“You may all go to hell. I will go to Texas.” —Davy Crockett
When news first broke that Elon Musk might be moving to Texas, most of the coverage was very “TMZ,” as one of my editors here said. People are often interesting (especially when their name begins with “Elon” and ends with “Musk”), but ideas are what we try to focus on at CleanTechnica.
Now that it’s confirmed Elon Musk “moving”*, and both Tesla and SpaceX have a growing presence in the state, I think it’s a good idea to give readers a more realistic idea of what moving to Texas means, and perhaps more importantly, what it doesn’t mean. I was born in Texas and have spent most of my life in or very near the state, so I can give you some good information. It’s eventually going to have a large effect on Tesla as a company, and likely the clean energy industry/movement as a whole. The better that readers understand the myth and the reality of Texas, the better we can see where things are going. (*Editor’s note: Elon already spent much time in Texas for years due to SpaceX, and he has given up owning homes, so it’s not even fully clear what is different other than that he will be spending even more time there as Giga Texas is developed — as one would expect. And his official personal residence will presumably be somewhere in Texas, but he will surely still spend much time in California and elsewhere depending on work needs.)
Even if you want to focus on Elon Musk personally, knowing what the real situation with Texas is sort of dispels the “Space Karen” thing.
Let’s start with this Tweet by Governor Greg Abbott:
Elon Musk reportedly told friends he plans to move to Texas.
Texas is the best state for business.
Texas has no state income tax, while California’s is the highest in the country.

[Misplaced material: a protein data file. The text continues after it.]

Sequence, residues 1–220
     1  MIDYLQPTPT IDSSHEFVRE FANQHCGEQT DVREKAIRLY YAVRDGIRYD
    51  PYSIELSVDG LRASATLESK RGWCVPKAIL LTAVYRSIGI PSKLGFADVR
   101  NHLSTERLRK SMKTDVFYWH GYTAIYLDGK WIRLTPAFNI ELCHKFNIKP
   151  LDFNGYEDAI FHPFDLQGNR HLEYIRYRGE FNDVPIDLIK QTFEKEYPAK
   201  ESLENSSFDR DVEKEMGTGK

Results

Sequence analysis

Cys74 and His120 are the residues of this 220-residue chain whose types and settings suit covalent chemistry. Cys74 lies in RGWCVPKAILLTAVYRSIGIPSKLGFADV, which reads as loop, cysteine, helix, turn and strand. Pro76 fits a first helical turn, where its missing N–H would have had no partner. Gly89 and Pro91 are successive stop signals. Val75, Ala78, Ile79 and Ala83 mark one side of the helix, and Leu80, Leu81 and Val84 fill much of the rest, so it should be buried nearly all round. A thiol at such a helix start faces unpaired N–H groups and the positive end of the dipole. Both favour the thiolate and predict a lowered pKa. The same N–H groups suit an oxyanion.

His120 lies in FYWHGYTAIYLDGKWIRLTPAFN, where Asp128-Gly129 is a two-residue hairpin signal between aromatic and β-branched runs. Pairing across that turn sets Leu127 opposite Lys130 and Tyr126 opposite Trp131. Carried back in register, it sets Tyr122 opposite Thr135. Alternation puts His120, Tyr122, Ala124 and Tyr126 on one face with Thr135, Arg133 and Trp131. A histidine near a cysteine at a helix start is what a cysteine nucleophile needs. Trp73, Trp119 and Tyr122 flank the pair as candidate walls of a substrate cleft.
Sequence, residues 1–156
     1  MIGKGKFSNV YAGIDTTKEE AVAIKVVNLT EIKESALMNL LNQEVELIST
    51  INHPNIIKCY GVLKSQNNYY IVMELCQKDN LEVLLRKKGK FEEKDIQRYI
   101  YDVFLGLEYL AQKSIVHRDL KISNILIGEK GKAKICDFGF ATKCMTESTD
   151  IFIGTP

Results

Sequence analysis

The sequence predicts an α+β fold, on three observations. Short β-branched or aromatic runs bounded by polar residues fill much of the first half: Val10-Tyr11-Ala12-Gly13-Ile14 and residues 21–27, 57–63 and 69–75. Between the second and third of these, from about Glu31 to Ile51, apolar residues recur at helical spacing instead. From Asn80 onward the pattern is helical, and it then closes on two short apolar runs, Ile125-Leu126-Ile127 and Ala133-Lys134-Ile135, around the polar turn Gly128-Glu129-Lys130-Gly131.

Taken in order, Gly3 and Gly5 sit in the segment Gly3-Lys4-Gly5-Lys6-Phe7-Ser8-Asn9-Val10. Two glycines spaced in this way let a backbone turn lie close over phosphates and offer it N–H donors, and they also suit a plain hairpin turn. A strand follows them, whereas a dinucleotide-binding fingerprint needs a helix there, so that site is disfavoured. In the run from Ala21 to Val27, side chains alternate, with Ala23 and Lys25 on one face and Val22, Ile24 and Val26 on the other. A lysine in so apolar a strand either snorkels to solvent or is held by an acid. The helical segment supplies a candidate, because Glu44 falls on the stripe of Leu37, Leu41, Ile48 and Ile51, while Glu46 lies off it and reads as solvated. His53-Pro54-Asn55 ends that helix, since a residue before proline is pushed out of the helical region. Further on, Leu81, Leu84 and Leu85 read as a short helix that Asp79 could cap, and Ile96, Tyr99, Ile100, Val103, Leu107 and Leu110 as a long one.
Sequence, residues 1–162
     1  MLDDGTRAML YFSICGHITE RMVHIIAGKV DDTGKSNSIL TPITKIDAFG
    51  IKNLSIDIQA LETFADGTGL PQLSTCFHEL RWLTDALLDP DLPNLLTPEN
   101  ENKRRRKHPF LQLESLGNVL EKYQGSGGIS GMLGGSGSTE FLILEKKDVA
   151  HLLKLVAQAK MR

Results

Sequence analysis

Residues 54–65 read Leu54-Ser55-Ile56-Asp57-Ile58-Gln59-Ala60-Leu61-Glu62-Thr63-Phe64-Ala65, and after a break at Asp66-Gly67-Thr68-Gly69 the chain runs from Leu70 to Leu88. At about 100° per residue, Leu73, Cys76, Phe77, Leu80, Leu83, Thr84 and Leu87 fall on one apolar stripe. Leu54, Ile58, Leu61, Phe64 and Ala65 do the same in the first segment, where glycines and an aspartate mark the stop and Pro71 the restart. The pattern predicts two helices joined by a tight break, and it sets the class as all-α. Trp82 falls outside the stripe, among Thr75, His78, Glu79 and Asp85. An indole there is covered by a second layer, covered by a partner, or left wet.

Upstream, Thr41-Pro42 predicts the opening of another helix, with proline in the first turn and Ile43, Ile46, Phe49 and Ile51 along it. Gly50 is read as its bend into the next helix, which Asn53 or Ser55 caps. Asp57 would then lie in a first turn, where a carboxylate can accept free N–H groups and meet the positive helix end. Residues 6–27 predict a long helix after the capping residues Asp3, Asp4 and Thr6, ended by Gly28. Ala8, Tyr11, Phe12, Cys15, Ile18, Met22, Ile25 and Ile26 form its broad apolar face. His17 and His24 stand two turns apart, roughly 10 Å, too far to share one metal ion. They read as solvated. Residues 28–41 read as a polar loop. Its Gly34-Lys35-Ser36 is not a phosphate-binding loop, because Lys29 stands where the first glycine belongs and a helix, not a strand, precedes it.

It just got better because Texas made an income tax unconstitutional.
— Greg Abbott (@GregAbbott_TX) December 5, 2020
Most of what the governor is saying here is true, but it’s not the whole truth. What this tweet does is give us a great example of the common myth of Texas. Texas is the “wild west.” Taxes are low, there are completely unregulated guns everywhere, and if you want to do business, it’s so business friendly that the Ferengi would be jealous. The state’s full of cowboys, and oil is king. It’s not a place for “city slickers” and people with thin skin. In short, it’s a conservative paradise.
None of this is really true, though.
Let’s start with taxes. Yes, it’s true that Texas has no income tax, and for services there is no sales tax, but that’s not the whole truth.
My grandfather spent most of his life in El Paso. He grew up there, and had lived plenty of other places, but loved Texas and loved El Paso. When I was a kid he taught me the phrase, “Turn two letters around and Texas becomes Taxes.” Sure, he had no income tax, but he owned three houses. One, he lived in, and the other two, he rented out. Property taxes were so high that he’d have to take most of the rental income from one of the houses to pay the property taxes for the other two. As a retiree with limited income, he felt the hurt every time the taxes would go up, and he was constantly having to fight the appraisers to keep them from valuing his houses above what they’d actually sell for.
Sources differ on how Texas ranks here. Some say it’s got the third highest property taxes in the US. Others say Texas is either #4 or #7. Either way, the state is solidly among the top ten.